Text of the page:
Lim’s party and his constituents will be the beneficiaries. The nation will benefit from it as a whole.
Sniping from the sidelines with no costed policies in place or any real alternatives to government is not what anyone least of all the Chinese want.
Neither side should see negotiation as a sign of weakness or ‘loss of face’.
It is a strategy only the intelligent engage in. One side has a lot to lose by not being bold enough to take the initiative to negotiate and to do so in confidence.
That side would have to be the DAP. Government has a majority whichever way one looks at it.
Conventional politics is a thing of the past.
Regardless of how loud the opposition coalition is and predicts prospective victories, it is without a shadow of doubt going to be another Barisan Nasional (BN) victory at the next general election.
This is especially true if the general election is brought forward and held within the next few months.
Independent polls indicate quite clearly, the government has regained its super majority and is likely to enjoy a crushing victory over all elements of the opposition if for no other reason than the opposition is in complete disarray, is unreliable and inconsistent with its many faceted desperate experiments with the devil.
As it is, there have been unofficial ongoing negotiations and discussions between the government and talented veteran members of the opposition parties including the DAP.
The more mature and realistic amongst them are positioning themselves to be part of a future government.
Many realise they can make a contribution to what is perhaps a golden era in the economic and political development of Malaysia.
With significant foreign investment flowing in, it is not the opposition who will reap the rewards. They won’t be able to achieve that being in the opposition.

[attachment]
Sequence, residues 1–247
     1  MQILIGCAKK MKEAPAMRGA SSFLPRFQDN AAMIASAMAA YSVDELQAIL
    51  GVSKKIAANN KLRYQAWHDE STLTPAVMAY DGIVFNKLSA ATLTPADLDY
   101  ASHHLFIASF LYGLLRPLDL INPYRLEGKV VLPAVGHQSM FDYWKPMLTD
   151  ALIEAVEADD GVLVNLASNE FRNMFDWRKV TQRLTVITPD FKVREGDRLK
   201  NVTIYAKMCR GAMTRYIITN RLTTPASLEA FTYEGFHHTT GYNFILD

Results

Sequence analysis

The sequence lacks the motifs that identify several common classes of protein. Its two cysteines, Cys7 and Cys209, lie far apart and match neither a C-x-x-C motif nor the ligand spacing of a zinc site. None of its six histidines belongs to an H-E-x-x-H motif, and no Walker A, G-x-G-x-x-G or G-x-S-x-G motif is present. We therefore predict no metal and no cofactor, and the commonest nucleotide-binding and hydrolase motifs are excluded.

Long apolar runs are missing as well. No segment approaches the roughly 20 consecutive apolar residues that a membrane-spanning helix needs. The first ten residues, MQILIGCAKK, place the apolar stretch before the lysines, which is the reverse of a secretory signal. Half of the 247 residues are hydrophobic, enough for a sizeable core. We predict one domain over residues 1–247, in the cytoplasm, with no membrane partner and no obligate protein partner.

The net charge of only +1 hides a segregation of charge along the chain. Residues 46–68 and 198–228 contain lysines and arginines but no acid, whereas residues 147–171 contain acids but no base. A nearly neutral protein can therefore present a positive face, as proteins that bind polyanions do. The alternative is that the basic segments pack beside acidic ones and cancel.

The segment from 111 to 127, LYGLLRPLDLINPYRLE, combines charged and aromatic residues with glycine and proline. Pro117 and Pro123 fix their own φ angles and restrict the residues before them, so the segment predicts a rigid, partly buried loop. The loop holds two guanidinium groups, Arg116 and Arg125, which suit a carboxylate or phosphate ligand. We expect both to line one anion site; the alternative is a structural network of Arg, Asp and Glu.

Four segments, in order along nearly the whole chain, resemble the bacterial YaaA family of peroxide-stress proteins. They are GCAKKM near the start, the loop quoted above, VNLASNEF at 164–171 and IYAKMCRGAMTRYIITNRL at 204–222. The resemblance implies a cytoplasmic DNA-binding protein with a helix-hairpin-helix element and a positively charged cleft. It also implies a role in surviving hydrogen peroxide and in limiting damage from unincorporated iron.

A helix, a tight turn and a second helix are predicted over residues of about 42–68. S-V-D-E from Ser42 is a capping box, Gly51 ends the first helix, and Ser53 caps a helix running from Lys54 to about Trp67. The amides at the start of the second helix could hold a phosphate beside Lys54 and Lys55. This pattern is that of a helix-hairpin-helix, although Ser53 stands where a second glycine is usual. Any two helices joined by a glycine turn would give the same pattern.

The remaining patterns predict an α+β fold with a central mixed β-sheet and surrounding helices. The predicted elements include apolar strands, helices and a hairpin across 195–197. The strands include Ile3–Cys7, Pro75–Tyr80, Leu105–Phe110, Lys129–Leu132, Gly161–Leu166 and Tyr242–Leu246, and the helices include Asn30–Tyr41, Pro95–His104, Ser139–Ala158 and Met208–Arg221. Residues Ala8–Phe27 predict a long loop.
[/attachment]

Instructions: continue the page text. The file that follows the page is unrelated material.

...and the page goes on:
Fortune favours the brave. And there are a growing number of braves within the opposition who don’t relish another term in the political wilderness. Kit Siang has to be aware of this fact.
順手牽羊／顺手牵羊 (Shùn shǒu qiān yáng) literally translated in English, this Chinese proverb means: “While carrying out your plans be flexible enough to take advantage of any opportunity that presents itself, however small, and avail yourself of any profit, however slight”.
On the other side of the coin, any infusion of fresh blood into the stale MCA, MIC and even the fractious Umno, will probably necessitate a rethink by those who continue to underperform and undermine the government from within.
Competition is necessary to fuel the level of growth and dynamism that is necessary for the advancement of the political, economic and social agenda of government and industry.
And there is sufficient human capital to tap into from the ranks of a redundant unstable opposition.
After all, both Malaysia and Singapore have gone through changes and stages of political horseflesh trading like they do in the developed countries that have resulted in stronger government and in government performance.
Singapore has benefited immensely without a ‘cosmetic opposition’ in their way.
Lim and his leadership can either lead the negotiations from the front or be forced to react to departing dissidents within his party voting with their feet.
No situation remains constant forever. Except for the Malay majority, a fact we all have to come to grips with.
Tunku Abdul Aziz Tunku Ibrahim (Former DAP national vice-chairman)